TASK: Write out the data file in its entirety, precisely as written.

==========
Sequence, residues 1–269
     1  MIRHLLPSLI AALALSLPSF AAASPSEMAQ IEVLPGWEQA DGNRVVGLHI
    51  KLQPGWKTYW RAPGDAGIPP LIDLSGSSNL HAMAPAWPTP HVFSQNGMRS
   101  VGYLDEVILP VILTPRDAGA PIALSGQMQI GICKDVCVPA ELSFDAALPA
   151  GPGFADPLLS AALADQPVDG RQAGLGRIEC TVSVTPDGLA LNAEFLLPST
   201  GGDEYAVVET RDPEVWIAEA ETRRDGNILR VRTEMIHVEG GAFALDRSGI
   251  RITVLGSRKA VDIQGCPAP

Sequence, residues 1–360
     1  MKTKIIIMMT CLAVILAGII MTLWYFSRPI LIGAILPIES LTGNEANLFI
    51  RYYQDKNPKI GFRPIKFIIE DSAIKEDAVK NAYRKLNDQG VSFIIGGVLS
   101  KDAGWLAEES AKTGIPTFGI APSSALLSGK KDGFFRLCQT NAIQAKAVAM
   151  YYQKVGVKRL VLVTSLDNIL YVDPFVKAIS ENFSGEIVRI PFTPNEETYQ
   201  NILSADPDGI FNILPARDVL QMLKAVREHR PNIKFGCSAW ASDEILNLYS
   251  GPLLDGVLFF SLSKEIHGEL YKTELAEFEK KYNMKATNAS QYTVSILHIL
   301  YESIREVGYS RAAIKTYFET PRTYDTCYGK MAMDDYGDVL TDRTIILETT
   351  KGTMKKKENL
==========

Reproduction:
Sequence, residues 1–269
     1  MIRHLLPSLI AALALSLPSF AAASPSEMAQ IEVLPGWEQA DGNRVVGLHI
    51  KLQPGWKTYW RAPGDAGIPP LIDLSGSSNL HAMAPAWPTP HVFSQNGMRS
   101  VGYLDEVILP VILTPRDAGA PIALSGQMQI GICKDVCVPA ELSFDAALPA
   151  GPGFADPLLS AALADQPVDG RQAGLGRIEC TVSVTPDGLA LNAEFLLPST
   201  GGDEYAVVET RDPEVWIAEA ETRRDGNILR VRTEMIHVEG GAFALDRSGI
   251  RITVLGSRKA VDIQGCPAP

Sequence, residues 1–360
     1  MKTKIIIMMT CLAVILAGII MTLWYFSRPI LIGAILPIES LTGNEANLFI
    51  RYYQDKNPKI GFRPIKFIIE DSAIKEDAVK NAYRKLNDQG VSFIIGGVLS
   101  KDAGWLAEES AKTGIPTFGI APSSALLSGK KDGFFRLCQT NAIQAKAVAM
   151  YYQKVGVKRL VLVTSLDNIL YVDPFVKAIS ENFSGEIVRI PFTPNEETYQ
   201  NILSADPDGI FNILPARDVL QMLKAVREHR PNIKFGCSAW ASDEILNLYS
   251  GPLLDGVLFF SLSKEIHGEL YKTELAEFEK KYNMKATNAS QYTVSILHIL
   301  YESIREVGYS RAAIKTYFET PRTYDTCYGK MAMDDYGDVL TDRTIILETT
   351  KGTMKKKENL